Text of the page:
Event Report - BSA-funded workshop for early career researchers about ‘Getting ethics’ Report

By Anne Collis and Sara Louise Wheeler, Bangor University

Student: “I made sure the information pack met the ethics requirements, then I asked a potential participant to go over it with me to check it met their requirements, then I had to completely rewrite the pack, then I added some bits back in so I’d still meet the ethics requirements.”

Supervisors: “We’ve not heard of someone doing that before.”

Student: “Isn’t that what everyone does?”

From that point, Dr Roger Slack, Dr Sara Louise Wheeler and their PhD student Anne Collis, from Bangor University, began unpacking what ‘researching ethically’ means to different people involved in the research process, and at different stages of the research process, from inception through to completion.

We received a BSA grant to host a one-day event entitled “Getting Ethics: ethics as practice and praxis” for early career researchers, which was held on 4 May 2018. We were also most fortunate to be successful in securing a (paid) undergraduate intern, Lauren O’Neill, through Bangor University’s employability programme. The event was advertised bilingually (Welsh/English), in line with university policy and Welsh law, which prompted interesting discussions rooted in people’s experiences of living in a predominantly bilingual or monolingual society.

On the day, 18 people came from across the UK and from a variety of disciplines and sectors, all sharing an interest in ethnography and a desire to think through what ‘researching ethically’ might mean for them and their research. The day included speakers and self-organising workshops to give attendees maximum opportunity to learn what would be of value to them.

Self-organising workshops are an everyday feature of ‘open space technology’ and ‘unconferences’. Those attending come with a topic they wish to discuss and, at the start of the day, they pitch this idea.  Everyone votes for the workshops they are most interested in attending, and the workshops with most votes are run. At this event, the topics chosen were: gatekeepers, researching within an organisation, insider research relationships and NHS research. Additionally, Anne hosted a ‘wild card’ session in the afternoon sunshine on the lawn for those wishing to talk about something other than the selected workshop topics.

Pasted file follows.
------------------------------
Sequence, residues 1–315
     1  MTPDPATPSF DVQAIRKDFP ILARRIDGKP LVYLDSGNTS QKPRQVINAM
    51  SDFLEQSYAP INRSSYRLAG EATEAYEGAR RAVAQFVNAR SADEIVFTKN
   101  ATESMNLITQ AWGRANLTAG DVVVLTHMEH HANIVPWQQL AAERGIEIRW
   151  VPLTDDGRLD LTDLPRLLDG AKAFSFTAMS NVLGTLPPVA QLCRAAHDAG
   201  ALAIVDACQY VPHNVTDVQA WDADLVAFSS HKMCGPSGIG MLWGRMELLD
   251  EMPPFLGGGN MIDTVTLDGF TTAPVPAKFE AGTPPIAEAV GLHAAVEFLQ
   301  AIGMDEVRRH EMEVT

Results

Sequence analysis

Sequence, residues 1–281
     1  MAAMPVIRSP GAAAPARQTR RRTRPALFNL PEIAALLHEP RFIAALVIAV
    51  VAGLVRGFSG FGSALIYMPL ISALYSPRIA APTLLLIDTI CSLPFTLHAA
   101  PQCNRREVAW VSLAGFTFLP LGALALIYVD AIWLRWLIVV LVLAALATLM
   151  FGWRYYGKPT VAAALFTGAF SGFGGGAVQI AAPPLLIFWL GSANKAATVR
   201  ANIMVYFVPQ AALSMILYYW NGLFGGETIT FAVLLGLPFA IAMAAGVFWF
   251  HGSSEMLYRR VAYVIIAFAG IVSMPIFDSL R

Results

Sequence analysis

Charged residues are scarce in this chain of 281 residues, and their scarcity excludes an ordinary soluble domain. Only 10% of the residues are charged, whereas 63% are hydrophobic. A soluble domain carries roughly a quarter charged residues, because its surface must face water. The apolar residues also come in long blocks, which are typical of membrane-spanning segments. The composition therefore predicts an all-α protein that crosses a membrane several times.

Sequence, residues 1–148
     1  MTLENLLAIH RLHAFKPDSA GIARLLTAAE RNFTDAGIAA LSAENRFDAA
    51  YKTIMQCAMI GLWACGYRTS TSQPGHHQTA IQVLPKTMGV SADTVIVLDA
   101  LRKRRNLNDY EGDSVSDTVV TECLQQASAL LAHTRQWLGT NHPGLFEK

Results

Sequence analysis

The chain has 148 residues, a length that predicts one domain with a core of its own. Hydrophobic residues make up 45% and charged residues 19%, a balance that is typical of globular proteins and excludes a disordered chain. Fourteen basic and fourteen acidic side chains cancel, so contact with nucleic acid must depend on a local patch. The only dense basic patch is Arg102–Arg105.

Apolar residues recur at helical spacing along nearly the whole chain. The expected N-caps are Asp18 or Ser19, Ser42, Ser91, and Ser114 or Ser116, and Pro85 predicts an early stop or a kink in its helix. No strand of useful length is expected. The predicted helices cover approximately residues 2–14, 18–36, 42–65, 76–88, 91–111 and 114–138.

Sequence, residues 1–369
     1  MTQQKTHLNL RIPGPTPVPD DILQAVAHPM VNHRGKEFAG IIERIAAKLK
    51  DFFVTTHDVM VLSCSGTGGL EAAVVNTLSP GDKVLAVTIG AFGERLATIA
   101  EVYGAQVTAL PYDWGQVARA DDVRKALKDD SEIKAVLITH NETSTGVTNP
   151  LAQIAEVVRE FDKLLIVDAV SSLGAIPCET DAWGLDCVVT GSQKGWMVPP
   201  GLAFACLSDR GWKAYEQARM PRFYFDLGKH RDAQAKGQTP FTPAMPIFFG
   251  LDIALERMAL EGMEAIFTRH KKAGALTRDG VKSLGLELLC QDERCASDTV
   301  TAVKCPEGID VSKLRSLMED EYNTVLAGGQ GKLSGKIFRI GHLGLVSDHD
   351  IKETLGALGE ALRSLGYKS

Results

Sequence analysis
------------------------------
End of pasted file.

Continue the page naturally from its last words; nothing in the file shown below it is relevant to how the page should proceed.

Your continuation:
The workshops provided rich information as attendees discussed real-life experiences and insights. All delegates were invited to choose whether to share ownership of the flipcharts they produced, with a view to themselves or others using the information as part of future research and papers. As organisers, we intend to develop some of the themes that emerged into our future work and we hope that others will do the same.

PhotoOur keynote speaker, Dr David Calvey, Senior Lecturer, Manchester Metropolitan University, began the day with an outstanding presentation entitled “Working with ethics: a creative journey”, leading us through the societal context and professional governance for research ethics, before exploring ideas of covert and overt research, situated ethics, disconnects, liminality and messy realities of ethics in the field. Rather than the programmed question and answer session, Dr Calvey hosted an hour’s master class as one of the workshops.  Of this session, Dr Calvey commented: “The morning discussions with the doctoral students were engaging, robust and thoughtful.”

In the afternoon, Dr Alexis Paton spoke engagingly about “Getting Ethics, Getting Qualitative Research” and navigating the NHS ethicsPhoto process as a qualitative researcher. Dr Paton’s presentation delivered factual information about the process in a humorous way, together with invaluable advice gained from her own experiences. She was followed by Dr Sara Louise Wheeler who introduced attendees to the concept and challenge of trawsiethu/translanguaging. Whereas translation deals with words, translanguaging also recognises the cultural ways of making sense of the world. Dr Wheeler applied the concept to researching ethically, as if those within the academy and those outside, who are potential research participants, speak different languages. This means translation of jargon into everyday words is not sufficient to make sure potential participants understand what taking part in research may mean for them.

As organisers, we had decided the event would have been a success if attendees agreed with six statements. We asked people to add their mark to an archery target, with their score rated from 4 (hit the spot) to 1 (missed the mark).



I have learned something I can use


I have thought of something new


I feel more confident about researching ethically


I have a better understanding how to address research ethics committee requirements


I have met people I can talk with in the future


I feel coming was a good investment of my time


Receiving the BSA grant gave us the opportunity to bring together a diverse group of people to discuss the increasingly important and nuanced matter of ethical research in a wide range of social research settings; for this we are truly grateful.